The likely reason for the decline attributes to the lack of consistency with management. In other words, Levy’s rendition of Lord Alan Sugar’s,’You’re fired!’ has played a part in all this melee. Different managers with different ideas will favour different players over any given period of time. Thus, the effect of leaving some in the cold, or played out of position arises. What’s worse is due to having so many players, it’s a fact that to compliment the team other players will have to be sacrificed and get little or no game time. Players who were once used to playing regularly, perhaps even captains of their former sides (Fazio, Vertonghen, Soldado and Kaboul for example) appear at Spurs and are given bit part roles. How’s that for confidence? You cannot help but think some of them sorely regret ever signing the dotted line for Daniel Levy. You know our overall club philosophy is questionable when you consider players like Gylfi Sigurðsson who have left and is thriving under a stable and well structured football club.

He came to the club like many before him with a treasure chest of promise and potential. Sadly, our management did not value him enough to give him a run in the side to establish himself. How could he when he was competing with about seven or more players who were also ‘hot prospects’ at the time? Now, competition is always good for business but in everything there needs to be a balance. Sigurðsson was underplayed, undervalued and undercast at Spurs. With his second coming at Swansea, he has been handed the reigns and given an arm around the shoulder. He doesn’t hope to start games, he knows he will, in his favoured No.10 role too. What has been the result? In 15 appearances, he has 8 assists (bettered only by Fabregas with 11). Nobody at Swansea has created more chances than Gylfi for the Swans which is 38 in total with 31 of them being key passes. I could go on. His contributions has seen him lift Swansea above us in the league and to be honest I do not think we have been above them yet and that says something. A former Spurs player taking responsibility and leading the charge for his side. If only the players we had now were the same.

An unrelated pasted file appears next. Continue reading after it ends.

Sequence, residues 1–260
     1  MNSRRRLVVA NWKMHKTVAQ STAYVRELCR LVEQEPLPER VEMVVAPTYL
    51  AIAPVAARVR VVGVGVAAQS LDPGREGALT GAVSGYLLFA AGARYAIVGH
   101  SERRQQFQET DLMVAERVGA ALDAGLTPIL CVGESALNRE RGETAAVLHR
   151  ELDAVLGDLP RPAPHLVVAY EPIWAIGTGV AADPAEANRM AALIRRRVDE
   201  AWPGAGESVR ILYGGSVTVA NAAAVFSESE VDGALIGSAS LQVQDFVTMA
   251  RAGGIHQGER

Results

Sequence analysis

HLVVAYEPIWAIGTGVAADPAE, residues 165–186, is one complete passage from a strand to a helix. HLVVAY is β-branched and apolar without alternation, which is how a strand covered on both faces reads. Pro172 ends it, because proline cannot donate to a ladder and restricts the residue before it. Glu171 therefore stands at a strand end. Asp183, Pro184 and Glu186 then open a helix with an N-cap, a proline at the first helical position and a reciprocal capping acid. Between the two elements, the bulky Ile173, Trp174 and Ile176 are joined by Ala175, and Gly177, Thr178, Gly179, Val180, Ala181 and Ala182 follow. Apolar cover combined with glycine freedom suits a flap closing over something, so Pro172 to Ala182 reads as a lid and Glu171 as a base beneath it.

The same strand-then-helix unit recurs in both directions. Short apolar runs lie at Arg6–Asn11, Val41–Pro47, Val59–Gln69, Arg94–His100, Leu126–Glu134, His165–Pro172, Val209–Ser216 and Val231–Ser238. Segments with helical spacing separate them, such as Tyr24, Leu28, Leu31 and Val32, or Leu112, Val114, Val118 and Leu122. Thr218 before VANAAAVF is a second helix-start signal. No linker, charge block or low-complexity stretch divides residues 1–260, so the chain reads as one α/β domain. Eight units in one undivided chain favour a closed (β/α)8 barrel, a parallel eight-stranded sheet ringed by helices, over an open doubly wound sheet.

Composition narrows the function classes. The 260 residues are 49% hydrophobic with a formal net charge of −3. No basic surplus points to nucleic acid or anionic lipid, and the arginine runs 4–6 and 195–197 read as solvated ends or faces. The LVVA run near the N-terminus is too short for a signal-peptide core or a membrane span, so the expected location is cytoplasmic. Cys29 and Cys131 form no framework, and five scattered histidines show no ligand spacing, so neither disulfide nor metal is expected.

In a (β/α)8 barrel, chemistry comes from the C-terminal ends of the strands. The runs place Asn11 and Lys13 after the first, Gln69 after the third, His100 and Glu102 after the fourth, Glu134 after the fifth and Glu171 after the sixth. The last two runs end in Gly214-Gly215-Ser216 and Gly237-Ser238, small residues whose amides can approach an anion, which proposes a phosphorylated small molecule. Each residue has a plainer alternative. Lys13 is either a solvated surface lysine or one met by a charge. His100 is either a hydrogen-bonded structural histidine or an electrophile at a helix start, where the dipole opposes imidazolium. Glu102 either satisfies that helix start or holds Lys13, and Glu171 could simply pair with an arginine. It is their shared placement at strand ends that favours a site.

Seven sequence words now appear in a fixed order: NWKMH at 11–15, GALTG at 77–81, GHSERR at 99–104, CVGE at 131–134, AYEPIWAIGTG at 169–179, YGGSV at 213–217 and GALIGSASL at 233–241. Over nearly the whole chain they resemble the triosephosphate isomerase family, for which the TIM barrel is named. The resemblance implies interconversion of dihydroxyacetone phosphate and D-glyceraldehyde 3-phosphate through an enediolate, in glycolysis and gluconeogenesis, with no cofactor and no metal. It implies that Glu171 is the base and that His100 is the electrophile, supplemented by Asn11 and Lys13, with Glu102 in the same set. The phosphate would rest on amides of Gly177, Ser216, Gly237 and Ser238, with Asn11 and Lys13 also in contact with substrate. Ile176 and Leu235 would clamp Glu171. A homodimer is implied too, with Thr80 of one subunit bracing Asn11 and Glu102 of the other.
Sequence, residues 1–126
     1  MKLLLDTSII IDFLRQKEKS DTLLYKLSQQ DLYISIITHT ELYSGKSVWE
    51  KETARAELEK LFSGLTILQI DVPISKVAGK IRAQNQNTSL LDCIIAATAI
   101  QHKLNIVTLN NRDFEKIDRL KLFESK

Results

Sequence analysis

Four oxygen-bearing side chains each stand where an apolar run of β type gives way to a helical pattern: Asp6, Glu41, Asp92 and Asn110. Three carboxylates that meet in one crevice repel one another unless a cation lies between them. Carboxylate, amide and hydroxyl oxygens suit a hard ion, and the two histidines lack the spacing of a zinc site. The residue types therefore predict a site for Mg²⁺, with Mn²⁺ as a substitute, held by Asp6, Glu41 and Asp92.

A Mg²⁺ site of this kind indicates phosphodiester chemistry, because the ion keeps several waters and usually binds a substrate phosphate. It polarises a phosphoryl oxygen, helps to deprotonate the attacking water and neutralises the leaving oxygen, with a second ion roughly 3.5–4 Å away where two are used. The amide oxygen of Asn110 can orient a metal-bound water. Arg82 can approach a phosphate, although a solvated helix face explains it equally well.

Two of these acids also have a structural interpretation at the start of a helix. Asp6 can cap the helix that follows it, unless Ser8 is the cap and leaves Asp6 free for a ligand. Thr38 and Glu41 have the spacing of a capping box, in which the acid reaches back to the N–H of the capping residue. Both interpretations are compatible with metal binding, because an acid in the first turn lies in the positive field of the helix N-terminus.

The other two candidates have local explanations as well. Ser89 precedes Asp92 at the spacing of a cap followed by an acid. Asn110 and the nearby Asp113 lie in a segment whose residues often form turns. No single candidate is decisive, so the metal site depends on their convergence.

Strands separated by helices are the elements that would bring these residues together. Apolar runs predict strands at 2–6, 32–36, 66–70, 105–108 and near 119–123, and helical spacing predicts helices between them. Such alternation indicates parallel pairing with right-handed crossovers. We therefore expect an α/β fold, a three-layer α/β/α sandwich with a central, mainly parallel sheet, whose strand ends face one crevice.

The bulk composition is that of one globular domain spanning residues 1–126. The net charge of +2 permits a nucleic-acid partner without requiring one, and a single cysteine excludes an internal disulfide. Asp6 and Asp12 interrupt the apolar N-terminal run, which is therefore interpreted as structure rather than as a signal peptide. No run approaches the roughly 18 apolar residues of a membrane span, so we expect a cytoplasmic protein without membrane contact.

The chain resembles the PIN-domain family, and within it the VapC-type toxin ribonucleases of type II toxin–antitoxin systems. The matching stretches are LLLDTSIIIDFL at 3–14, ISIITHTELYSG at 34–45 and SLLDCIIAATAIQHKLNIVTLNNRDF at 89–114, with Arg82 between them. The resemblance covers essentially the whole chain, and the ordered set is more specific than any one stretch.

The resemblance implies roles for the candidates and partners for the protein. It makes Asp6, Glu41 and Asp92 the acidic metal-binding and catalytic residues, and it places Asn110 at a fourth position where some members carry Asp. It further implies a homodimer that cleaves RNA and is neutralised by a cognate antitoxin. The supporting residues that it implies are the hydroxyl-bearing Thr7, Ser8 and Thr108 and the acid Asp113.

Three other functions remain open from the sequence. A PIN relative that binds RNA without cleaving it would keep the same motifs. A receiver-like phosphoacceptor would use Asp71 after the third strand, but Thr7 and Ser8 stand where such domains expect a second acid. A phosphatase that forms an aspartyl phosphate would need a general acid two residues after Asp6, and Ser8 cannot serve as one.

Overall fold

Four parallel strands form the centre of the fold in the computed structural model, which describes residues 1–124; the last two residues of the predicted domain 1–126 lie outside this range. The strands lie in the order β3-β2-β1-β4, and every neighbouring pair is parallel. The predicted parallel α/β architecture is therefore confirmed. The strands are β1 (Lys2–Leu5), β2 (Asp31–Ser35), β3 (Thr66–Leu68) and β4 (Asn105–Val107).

Gylfi exemplifies my point that we lack and have not had a structure at the club that actually works for the players. He came to us, we could not utilise him and then sold him and now he is fulfilling all his earlier promise. Is that coincidence or just because of facts we choose to deny? Even Glen Hoddle said the other day that Soldaldo is the kind of player who could probably leave us and go on to be a goal machine and embarrass Spurs. I believe that goes for a lot of our players too who look like they would really shine if they moved.

It’s why I scoff at our transfer targets in the media because until we sort out the fundamentals at this club, we could sign both Messi and Ronaldo and I ensure you they would struggle with us. It’s unfair to blame our footballing model for all our problems because I suppose the players have to be willing to get stuck in and assert themselves as well. But I feel it’s more to do with the structure/formation/philosophy/identity (call it what you want) we have at the Lane that has proved to be our undoing. Until we get that right, they might as well sign me this January transfer window, I would only demand a modest 25K a week!

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  1. Re your article, regarding bough players I often wonder why such players are sold by their clubs, it is understandable that players such as bale etc., are sought by the top teams, however most of the players recently bought by Spurs are middle of the road. Sincerely,